Sample Management Essay on Forces and Public Issues in Industry

Forces and Public Issues in Industry

Part A

Question 1: The “performance-expectations gap”

The performance-expectations gap, in this case, refers to the gap between TCCC’s organizational performance and the expectations of the stakeholders. On the one hand, TCCC was flourishing in its business, priding itself as the world’s largest beverage company as of 2015, and making huge profits. In its assessment, TCCC was performing excellently. However, unknown to the firm, it was failing in its Corporate Social Responsibility, such as ensuring that the communities within which it operated enjoyed safe and clean drinking water and environmental preservation. The company was using large (unsustainable) amounts of water in its production process, leaving those living within its areas of operation with water shortage issues.

TCCC did not realize the gravity of the matter as highlighted by the Center for Science and the Environment in India until the local authorities shut down one of its bottling companies in Kerala State. Furthermore, the India Resource Center in the United States organized campaigns to boycott Coca-Cola products, which brought the water usage issue to the limelight. The customers, environmentalists, and local government were not happy with the water usage techniques of the Coca-Cola Company.

Question 2: The strategic radar screens model

The strategic radar screens model that is applicable to the TCCC situation is the geophysical environment that covers ecosystems, exposure to natural disasters, natural resources, and availability of raw materials. Given that the company depends on water for the success of its business, lack of access to it is likely to greatly affect its daily operations and business model. It is for this reason that TCCC took the responsibility to understand the reasons for the community’s complaints about the bottling plant that was closed in Kerala State and engaged in discussions for long term solutions that will not only protect the communities around which the company operates but also ensure there is the availability of water for their operations now and in the future. The company also decided to reduce water wastage so that the world will not suffer water shortage on its account.

Question 3: TCCC’s Response to Concerns

TCCC’s response to the public issue that was raised by the local communities, authorities, and other organizations was commendable. The company did not deny that the company utilized huge amounts of water in its operations. Instead, the management started by investigating its operations to understand exactly the amount of water the company used, how much was wasted, and how much water ended up in their finished products. Out of this understanding, the company realized that the concerns were genuine and came up with the Water Neutrality Initiative to tackle the issue raised. The company committed to engaging in water stewardship through three strategies: Reduce, Replenish, and Recycle. TCCC also started partnerships that would enable the company to engage in the conservation of water and the water sources, such as with governments and non-governmental organizations. The company also drafted time-defined goals, such as that of safely returning water to nature by 2020 and public reporting of its progress.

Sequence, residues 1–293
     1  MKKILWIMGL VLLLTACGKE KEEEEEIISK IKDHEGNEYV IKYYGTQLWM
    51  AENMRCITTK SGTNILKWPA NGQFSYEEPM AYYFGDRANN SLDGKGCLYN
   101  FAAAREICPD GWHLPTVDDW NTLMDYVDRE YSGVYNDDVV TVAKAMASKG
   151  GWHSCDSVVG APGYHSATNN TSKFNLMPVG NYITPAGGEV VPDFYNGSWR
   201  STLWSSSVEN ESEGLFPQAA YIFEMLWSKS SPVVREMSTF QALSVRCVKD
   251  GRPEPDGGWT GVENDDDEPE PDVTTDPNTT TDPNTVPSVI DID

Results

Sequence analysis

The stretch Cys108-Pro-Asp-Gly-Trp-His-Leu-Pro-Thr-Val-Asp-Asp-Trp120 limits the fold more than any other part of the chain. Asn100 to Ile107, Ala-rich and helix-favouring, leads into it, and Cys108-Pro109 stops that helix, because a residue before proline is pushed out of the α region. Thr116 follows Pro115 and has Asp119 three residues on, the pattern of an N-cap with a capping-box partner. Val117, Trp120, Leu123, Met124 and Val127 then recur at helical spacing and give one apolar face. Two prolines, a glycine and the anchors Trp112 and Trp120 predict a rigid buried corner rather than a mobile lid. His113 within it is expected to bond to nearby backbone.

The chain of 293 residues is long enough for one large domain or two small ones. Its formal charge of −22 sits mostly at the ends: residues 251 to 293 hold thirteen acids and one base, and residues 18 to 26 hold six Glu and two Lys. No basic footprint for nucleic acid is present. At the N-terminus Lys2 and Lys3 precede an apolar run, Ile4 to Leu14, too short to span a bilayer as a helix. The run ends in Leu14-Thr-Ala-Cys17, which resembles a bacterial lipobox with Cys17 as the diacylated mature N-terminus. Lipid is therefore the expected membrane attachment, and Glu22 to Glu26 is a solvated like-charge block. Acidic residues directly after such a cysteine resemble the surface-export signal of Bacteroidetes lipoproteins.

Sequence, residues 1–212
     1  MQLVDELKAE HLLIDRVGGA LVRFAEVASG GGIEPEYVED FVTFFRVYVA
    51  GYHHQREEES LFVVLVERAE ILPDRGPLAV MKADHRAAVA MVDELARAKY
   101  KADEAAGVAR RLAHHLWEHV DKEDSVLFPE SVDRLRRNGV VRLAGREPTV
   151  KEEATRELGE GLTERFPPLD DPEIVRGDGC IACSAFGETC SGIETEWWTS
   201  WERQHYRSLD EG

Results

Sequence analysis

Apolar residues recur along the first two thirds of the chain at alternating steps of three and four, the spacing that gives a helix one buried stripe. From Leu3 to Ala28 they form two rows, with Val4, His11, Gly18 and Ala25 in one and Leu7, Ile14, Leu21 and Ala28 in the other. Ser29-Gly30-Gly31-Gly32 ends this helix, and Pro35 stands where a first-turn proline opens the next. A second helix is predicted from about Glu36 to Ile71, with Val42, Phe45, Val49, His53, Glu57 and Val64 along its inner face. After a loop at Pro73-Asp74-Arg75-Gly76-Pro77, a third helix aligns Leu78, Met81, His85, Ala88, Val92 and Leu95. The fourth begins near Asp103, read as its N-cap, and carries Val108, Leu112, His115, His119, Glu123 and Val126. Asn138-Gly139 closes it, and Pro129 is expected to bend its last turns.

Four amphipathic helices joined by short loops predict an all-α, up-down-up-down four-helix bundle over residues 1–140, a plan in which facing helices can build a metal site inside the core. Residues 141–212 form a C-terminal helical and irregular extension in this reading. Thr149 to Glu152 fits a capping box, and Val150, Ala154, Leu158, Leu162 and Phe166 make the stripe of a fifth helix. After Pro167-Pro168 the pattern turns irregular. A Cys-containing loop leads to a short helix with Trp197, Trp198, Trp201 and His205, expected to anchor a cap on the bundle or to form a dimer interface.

Part B: Instructions

Section 1: Context

The subject of discussion here is a Science Daily publication titled “Banning Smoking in Public Places and Workplaces is good for the Heart, Study Finds.” Based on a recent study, the article outlines the facts about the ban on public smoking; hailing it as a smart decision that will minimize risk factors for health complications, such as heart attack, lung cancer, and emphysema (American College of Cardiology, 2009). The article highlights several stakeholders that can be grouped as either primary or secondary stakeholders.

The primary stakeholders include Professor David Meyers and Steven Schroeder. Meyers is a professor of Cardiology and Preventive Medicine at the University of Kansas, whereas Schroeder is the Managing Director of Smoking Cessation Leadership Center University of California, San Francisco (American College of Cardiology, 2009). Both of these individuals have had much experience dealing with health issues caused by smoking. As such, they give warnings that even small portions of smoke breathed in by individuals place them at risk of smoke-related health challenges. Their role in the article and the process of public smoking bans is to provide scientifically proven facts to support such initiatives.

The secondary stakeholders in the article include the youth, non-smokers, local authorities, state and federal government, as well as employees who work in public spaces such as hotels, restaurants, and entertainment centers. The youth are the most affected as they form the largest percentage of smokers (Centers for Disease Control and Prevention, 2019). Further, in most cases, young people are found in entertainment places, such as bars, clubs, and restaurants that are highly exposed to public smoking. The role of the youth is to ensure they exercise caution in their associations. Those that do not smoke, need to avoid public places where they are exposed to second-hand smoking. On the other hand, youths that smoke needs to seek help to stop smoking so that they preserve their health and lifespan. Secondary stakeholders include as well as employees who work in public spaces. The local authorities, state and federal governments provide laws such as the public ban that help in promoting the health and safety of their citizens. Employees who work in public spaces such as restaurants and hotels are responsible for not only protecting themselves but also their customers from health risks that come about as a result of public smoking. They execute this role by adhering to the set rules and regulations regarding public smoking, as well as ensuring that customers adhere to these laws as well.